Disney and Kenneth Branagh join forces to prove that, just because a story is familiar, just because you don’t do anything particularly groundbreaking with it, that doesn’t mean you can’t craft a masterpiece. There isn’t a lot of reinvention as it pertains to Cinderella, the filmmaker and the studio more than content to let the classic fairy tale speak loudly for itself. At the same time, Branagh manages to construct his most indelible and impressive motion picture since his ambitious 1996 version of Shakespeare’s Hamlet, the film so confident, so gorgeous, so pitch-perfect in tone, style, visuals, performances and emotion, the whole thing ends up being a bibbity-bobbity-beauty certain to stand the test of time.
9. 45 Years
Based on a short story by David Constantine, writer/director Andrew Haigh’s 45 Years is a multilayered, memorably evocative two-person drama revolving around a longtime married couple dealing with unexpected, life-changing news on the eve of their 45th wedding anniversary. While not a ton happens, the full extent of the journey the two end up going on is massive nonetheless, what the movie has to say about love, loss and companionship a deeply personal tone poem ranking as one of the finest the silver screen has seen in ages. Charlotte Rampling and Tom Courtenay are superb.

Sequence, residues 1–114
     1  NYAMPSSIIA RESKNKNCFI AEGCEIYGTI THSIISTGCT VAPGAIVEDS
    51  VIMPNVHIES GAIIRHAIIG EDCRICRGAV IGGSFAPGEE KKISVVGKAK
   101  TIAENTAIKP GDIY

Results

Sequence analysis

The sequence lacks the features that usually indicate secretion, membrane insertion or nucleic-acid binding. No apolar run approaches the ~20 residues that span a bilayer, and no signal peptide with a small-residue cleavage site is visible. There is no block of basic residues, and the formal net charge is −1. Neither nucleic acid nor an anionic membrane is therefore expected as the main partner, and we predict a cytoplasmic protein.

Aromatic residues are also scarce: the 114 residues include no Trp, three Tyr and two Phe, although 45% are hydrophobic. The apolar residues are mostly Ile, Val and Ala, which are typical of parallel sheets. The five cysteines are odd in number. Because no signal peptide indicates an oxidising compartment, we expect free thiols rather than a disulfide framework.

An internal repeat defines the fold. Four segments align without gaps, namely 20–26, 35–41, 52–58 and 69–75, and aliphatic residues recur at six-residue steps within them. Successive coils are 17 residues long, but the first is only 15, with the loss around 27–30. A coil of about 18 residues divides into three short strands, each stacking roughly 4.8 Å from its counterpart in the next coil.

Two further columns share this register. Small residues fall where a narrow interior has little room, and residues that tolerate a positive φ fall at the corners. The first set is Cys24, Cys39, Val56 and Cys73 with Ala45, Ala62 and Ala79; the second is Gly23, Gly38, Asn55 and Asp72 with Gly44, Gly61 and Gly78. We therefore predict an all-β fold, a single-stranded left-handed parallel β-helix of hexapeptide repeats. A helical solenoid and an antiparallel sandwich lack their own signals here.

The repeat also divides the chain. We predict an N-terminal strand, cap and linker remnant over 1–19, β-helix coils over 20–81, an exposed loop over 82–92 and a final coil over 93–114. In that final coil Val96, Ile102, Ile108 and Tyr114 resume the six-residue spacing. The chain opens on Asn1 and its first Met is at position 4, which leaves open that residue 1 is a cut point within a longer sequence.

10. Bone Tomahawk
If Howard Hawks, John Ford, Douglas Sirk and Stephen King ever joined forces on a Western, it’s likely it would look an awful lot like writer/director S. Craig Zahler’s stupendous Bone Tomahawk. What starts off as a quiet character study slowly morphs into a four-person sojourn into the unknown to recover kidnapped townspeople, ultimately shifting one more time to become a terrifying morality tale of colonialism versus cannibalism as natives fight against the encroaching force of progress to maintain their disturbingly terrifying way of life. A genre-bending sensation, this movie packs the type of wallop that hits you from all sides, building to a form of selfless heroism that held me spellbound in awe.
Best 2014 Films Released Domestically in 2015
Human Capital, Life Partners, Paddington, Tangerines, Timbuktu, White God
Top Five Documentaries
Best of Enemies, Cartel Land, The Hunting Ground, I Am Big Bird: The Caroll Spinney Story, The Look of Silence
– Portions of this feature reprinted courtesy of the SGN in Seattle